Saturday 20 June 2020

Streaming on Netflix - Peter Hourigan alerts cinephiles to the availability of twelve titles by the Egyptian master Youssef Chahine

Youssef Chahine
The word is spreading.  Netflix has loaded an absolute pharaohs treasure trove of films by Youssef Chahine.

Over a long career Chahine (1926-2008) developed a filmography of 45 titles and became the first Egyptian director to gain a reputation outside the world of Arabic cinema. His films were screened in many of the prestige festivals with wins including Berlin and Cannes. Over the years I have grabbed any chance to see any of his films – an odd retrospective, once or twice on SBS, and last year at Cinema Ritrovato in Bologna – though ludicrous cross-programming meant I could not see all I wanted to. 
     So you can organize your own rich Covid-19 lockdown retrospective courtesy of Netflix. These are the films available, in chronological order with a few comments. It should be clear where they are my own comments from having seen the film.  I have asterisked * those films that I would recommend as good starters. I have given priority to the name used by Netflix where they are variations in title translations.
The young Omar Sharif, Struggle in the Valley
BLAZING SUN  (aka Struggle in the Valley 1954, 116 min) An example of his early work, when he was trapped in commercial Egyptian film production. This is a hoary melodrama – but enormously entertaining, and with brilliant b & w photography. There is also an absolutely ravishingly beautiful young man called Michel Chelhoub in the lead.  Later, he was to find fame in the west as Omar Shariff. 
DARK WATERS (1956 104mins.) Shariff again, in another romantic melodrama – but the social awareness is also very present. And more stunning photography.
*CAIRO STATION  (1958 73 min) Breaking away from Egyptian melodrama into full-blown Italian neo-realism, Chahine is laying his first claims to being a genuine auteur. A simple story set around the main station in Cairo, it is vividly peopled with a rich cast of characters.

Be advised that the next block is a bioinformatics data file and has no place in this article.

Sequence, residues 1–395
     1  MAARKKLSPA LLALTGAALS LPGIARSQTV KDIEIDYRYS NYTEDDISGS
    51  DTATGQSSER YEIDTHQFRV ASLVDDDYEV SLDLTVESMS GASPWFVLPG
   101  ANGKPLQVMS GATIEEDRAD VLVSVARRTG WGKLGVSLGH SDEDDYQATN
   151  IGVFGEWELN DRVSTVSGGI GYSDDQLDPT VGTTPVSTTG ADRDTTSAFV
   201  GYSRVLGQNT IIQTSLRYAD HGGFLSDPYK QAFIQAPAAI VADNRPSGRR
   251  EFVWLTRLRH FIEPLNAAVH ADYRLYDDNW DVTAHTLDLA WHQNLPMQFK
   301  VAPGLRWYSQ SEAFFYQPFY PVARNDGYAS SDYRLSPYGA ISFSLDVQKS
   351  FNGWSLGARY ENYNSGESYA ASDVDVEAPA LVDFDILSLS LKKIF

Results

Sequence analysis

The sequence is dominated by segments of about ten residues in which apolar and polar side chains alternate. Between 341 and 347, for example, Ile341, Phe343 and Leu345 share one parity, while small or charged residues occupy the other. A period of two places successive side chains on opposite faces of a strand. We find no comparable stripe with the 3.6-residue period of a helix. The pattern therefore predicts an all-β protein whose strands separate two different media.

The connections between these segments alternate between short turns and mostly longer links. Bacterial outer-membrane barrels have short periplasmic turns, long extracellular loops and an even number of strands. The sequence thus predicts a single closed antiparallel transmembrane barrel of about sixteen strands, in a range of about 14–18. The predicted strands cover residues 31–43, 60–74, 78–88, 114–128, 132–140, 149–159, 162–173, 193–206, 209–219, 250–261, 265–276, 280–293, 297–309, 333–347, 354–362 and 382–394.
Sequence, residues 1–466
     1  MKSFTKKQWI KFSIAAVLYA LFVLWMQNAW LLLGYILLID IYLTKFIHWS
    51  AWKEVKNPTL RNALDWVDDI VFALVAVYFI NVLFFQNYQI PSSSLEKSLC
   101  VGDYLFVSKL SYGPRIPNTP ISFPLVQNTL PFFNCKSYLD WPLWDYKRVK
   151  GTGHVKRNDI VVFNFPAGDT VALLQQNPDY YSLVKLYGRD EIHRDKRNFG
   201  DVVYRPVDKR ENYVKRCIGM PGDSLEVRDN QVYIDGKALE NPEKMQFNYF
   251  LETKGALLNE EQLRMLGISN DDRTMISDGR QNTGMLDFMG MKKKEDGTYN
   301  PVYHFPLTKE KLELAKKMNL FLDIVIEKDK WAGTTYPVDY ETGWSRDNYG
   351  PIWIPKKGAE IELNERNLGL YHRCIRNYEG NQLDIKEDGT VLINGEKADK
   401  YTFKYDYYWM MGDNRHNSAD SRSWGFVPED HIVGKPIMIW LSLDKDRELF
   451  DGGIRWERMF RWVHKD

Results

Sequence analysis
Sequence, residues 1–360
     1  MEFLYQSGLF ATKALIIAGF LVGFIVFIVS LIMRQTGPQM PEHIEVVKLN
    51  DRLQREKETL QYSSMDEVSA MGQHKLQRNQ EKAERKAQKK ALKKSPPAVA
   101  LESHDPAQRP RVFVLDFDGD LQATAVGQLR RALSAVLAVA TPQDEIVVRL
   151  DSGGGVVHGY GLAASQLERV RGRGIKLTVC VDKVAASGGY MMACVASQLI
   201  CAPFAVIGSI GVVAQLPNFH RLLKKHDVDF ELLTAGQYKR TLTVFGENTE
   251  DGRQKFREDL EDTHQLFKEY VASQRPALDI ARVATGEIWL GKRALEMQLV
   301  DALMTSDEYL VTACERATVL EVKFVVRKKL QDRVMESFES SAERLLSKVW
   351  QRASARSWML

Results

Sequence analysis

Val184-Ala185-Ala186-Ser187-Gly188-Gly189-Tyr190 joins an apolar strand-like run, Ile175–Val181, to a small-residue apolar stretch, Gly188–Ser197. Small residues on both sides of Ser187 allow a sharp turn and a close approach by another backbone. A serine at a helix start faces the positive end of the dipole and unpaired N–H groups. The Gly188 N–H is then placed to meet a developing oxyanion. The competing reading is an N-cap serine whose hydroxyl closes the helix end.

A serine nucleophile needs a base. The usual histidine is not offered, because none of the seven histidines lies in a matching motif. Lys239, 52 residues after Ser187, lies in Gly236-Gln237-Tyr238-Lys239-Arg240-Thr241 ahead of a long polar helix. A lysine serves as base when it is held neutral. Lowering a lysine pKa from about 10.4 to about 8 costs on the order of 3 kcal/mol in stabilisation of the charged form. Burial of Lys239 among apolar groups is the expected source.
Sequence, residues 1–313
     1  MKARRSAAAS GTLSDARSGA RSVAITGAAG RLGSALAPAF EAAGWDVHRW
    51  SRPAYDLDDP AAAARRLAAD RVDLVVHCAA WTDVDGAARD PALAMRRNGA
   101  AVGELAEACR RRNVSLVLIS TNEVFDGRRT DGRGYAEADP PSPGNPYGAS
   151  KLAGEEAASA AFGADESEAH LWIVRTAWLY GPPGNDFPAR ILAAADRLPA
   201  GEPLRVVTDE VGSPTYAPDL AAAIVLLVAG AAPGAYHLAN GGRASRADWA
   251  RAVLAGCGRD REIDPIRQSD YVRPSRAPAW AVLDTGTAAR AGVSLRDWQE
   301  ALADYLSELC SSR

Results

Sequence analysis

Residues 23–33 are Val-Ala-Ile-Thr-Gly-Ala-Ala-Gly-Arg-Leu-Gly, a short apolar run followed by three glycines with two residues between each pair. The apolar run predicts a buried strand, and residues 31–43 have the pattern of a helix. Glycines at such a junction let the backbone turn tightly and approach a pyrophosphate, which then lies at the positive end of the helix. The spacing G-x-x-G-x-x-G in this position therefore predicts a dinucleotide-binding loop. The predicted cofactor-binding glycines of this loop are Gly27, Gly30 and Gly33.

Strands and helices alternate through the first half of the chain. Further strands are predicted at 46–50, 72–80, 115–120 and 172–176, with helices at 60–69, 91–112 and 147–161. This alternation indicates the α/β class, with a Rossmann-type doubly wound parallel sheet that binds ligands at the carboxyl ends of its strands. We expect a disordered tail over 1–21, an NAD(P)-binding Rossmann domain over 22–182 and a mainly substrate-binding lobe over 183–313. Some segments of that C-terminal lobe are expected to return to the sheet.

THE LAND (1970, 129 mins) A powerful story, and Chahine highlights his social values in this account of conflict between a small village and the dominant ruthless local landowner. Political oppression and class division are very much to the fore. 
Return of the Prodigal Son
RETURN OF THE PRODIGAL SON (1976 124 min) I’m looking forward to seeing this.  From one review: In this Andre Gide adaptation, an activist is released after many years in prison and returns home, shaking up established relationships among his family members… Demonstrating Chahine’s eclecticism, this is an elegant melodrama, exuberant musical, layered allegory, and profound portrait  of personal and political disillusionment.
*THE ALEXANDRIA TRILOGY.  Commences in 1979 with ALEXANDRIA WHY? (133 min)  Chahine moved into autobiographical film making. In this first film the hero is a young man growing up in Alexandria during WWII but dreaming of Hollywood.  In the second film AN EGYPTIAN STORY (1982, 115 min) an Egyptian filmmaker remembers his life while undergoing heart-surgery. “We are drawn into his life in relation with the Egyptian revolution, his constant need for success, and the effect the American Dream has on him.” (IMDB) In the third film, ALEXANDRIA NOW AND FOREVER (1989  100 min) Chahine now appears as himself, a director embroiled in industrial turmoil in the local film industry, as well as his own obsession with his leading man and an actress he wants to work with.  What an opportunity to see all three films together!
*THE EMIGRANT(1994 130 min) Taking advantage of his international reputation, Chahine tells the well-known Old Testament story of how Joseph is sold by his brothers to an Egyptian and his subsequent rise to influence and prominence.  It’s fascinating seeing this story from an Egyptian perspective. 
*DESTINY (1997 135)  Set in 12thCentury Andalusia, the story of famous philosopher Averroes this is a rich story, fascinating in its picture of Moorish Spain from “the other side”, exploring important issues of freedom of speech and learning.  It is universal in its ideas and relevance.
      If you’ve tried searching Netflix you know it’s not easy. Publicity about this release of Chahine films on Netflix also listed SALADIN (1963, 183 min) but I have so far not been able to locate it on Netflix Australia. This would make eleven films while some reports have said 12. Let me know by email if you find a twelfth. Saladinwas a move into the historical, big-budget spectacular, with a cast of thousands (not CGI) and a bloated budget. It’s fascinating seeing the Crusades from the point of view where the Christian Crusaders are so clearly the baddies. But it is hard to engage with the film with characters too shallow, and overwritten dialogue preaching its nationalist points without any subtlety. 

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